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Sep 16

Wont someone please think of the elves!

At least they do in Iceland.

Technically in Iceland they are Huldufolk ("Hidden People") and they form a significant part of the lore of of the Icelandic people. Lots of people still believe in them, and if you want to look into why go here.

I am more interested in the not so subtle mocking going on in all of the articles about the moved stone. This is one of those areas where Materialists can say "Idiots!" and lots of Religious people can go "Heathens!" and they can both have a good laugh about it before they start bashing each other again.

Stop it.

Human history is long and broad and deep and is filled with people who believe in the existence of other intelligences. They call them lots of things: elves, trolls, spirits, fey, ghosts, demons, angels, aliens, jinn, kami, big foot, or ultraterrestrials of whatever stripe. It is in the Koran. It is in the Bible. It is in Buddhism. It is in the Torah. Shintoism is entirely about such beings.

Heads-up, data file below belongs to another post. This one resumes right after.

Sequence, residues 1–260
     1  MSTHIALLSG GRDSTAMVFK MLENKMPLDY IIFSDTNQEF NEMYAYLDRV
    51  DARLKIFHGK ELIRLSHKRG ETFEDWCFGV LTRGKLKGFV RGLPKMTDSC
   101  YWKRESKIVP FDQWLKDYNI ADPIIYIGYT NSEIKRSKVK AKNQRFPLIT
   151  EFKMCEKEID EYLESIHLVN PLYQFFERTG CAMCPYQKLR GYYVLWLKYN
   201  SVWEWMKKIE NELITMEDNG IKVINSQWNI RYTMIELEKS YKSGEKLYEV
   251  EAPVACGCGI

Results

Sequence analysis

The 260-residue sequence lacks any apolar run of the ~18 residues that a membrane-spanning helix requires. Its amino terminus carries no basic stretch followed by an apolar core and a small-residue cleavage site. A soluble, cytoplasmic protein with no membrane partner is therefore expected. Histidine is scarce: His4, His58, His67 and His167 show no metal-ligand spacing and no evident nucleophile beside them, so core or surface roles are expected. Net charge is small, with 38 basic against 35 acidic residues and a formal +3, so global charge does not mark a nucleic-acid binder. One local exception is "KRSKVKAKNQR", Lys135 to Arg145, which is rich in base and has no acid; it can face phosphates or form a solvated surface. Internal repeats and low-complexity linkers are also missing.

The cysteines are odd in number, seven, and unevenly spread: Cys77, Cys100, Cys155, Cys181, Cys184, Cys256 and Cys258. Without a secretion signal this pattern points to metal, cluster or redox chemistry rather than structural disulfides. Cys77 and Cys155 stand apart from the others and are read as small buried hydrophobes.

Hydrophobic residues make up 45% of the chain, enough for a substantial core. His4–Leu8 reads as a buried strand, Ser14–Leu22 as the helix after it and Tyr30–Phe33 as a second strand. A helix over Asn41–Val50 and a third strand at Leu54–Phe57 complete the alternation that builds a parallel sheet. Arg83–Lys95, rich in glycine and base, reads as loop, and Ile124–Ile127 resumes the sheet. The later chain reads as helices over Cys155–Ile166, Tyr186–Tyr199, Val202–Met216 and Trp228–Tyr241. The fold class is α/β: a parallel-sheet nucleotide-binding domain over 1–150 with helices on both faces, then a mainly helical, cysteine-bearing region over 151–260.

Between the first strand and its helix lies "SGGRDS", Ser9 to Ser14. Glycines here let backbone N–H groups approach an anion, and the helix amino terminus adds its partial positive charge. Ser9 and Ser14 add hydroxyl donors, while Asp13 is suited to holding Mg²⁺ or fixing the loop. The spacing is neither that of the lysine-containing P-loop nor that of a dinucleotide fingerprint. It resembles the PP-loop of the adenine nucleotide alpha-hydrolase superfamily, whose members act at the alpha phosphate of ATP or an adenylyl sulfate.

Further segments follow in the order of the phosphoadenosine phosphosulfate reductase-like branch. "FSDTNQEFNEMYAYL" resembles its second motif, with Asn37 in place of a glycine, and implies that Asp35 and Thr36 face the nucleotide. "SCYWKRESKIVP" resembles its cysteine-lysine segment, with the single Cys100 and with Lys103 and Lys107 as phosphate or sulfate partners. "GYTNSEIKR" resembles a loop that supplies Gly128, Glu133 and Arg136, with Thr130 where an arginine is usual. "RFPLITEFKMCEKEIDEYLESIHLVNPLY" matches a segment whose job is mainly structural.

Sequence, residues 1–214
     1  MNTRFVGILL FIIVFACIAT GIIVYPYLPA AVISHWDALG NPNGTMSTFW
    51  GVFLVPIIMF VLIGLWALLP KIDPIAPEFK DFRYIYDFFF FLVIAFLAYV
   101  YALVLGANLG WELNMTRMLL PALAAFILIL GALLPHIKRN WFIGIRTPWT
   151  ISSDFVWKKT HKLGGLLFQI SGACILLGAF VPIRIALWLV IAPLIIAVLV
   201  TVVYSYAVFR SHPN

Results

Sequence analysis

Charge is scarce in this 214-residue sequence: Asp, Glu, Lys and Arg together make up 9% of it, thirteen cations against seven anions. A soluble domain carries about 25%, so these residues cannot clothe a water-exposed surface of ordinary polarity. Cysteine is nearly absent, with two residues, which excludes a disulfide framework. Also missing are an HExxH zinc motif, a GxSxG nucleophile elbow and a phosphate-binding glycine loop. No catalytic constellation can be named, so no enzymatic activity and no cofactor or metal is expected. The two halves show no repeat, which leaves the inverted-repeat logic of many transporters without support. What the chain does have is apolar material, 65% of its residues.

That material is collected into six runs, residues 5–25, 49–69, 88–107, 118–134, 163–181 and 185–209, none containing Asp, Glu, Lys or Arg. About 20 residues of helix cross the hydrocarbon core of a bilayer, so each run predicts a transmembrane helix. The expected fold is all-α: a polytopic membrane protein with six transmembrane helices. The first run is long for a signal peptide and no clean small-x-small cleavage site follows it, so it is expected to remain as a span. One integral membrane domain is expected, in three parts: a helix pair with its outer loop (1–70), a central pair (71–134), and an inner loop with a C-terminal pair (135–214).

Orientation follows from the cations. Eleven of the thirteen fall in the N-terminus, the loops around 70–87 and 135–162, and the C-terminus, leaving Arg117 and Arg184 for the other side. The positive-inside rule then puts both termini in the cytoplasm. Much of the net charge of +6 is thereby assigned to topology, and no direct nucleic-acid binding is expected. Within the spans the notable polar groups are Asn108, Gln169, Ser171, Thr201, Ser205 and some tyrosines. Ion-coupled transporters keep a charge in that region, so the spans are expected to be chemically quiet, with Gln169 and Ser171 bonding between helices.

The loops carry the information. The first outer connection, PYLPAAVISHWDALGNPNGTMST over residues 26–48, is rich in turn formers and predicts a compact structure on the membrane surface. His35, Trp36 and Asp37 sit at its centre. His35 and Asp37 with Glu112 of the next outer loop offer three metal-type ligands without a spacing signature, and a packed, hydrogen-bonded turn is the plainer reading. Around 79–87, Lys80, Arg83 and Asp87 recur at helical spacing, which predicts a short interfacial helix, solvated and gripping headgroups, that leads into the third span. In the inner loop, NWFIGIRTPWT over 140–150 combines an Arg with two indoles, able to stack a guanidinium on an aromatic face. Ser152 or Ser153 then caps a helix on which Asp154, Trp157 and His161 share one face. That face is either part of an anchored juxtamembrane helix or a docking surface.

All of our grandmothers (OK most of our grandmothers) knew and told us there were other things in the world than what we could see and feel. Even if they had stopped believing when they told us.

Stories told by countless people in countless places have so many striking notes of similarity.

My point is not to get you to believe in any of it. My point is that if you choose to dismiss outright the existence of such beings in general you are not being scientific or rational. You are acting on faith in your understanding of the world. A scientific answer would be "People have reported a phenomena. We do not have sufficient evidence to confirm or deny their conclusions about the nature of that phenomena. We must look at it further." And if people who were honest about being real scientists were in charge of budgets and grants there might be more research that was not considered "fringe."

If, as a religious person, you dismiss such things because they do not fit your cosmology I would suggest that you revisit your religious texts and traditions.

If we are to be honest, intelligent, people about matters of faith and science we cannot dismiss out of hand any phenomena that a lot of people claim to experience. We might reject in specific, but we should not simply do so as a default. That says that somehow other people's perceptions and reason are inferior to our own. It is not respectful of other people and it is not wise.

There is more in heaven and earth than dreamed of in your philosophy...
so occasionally think of the elves.

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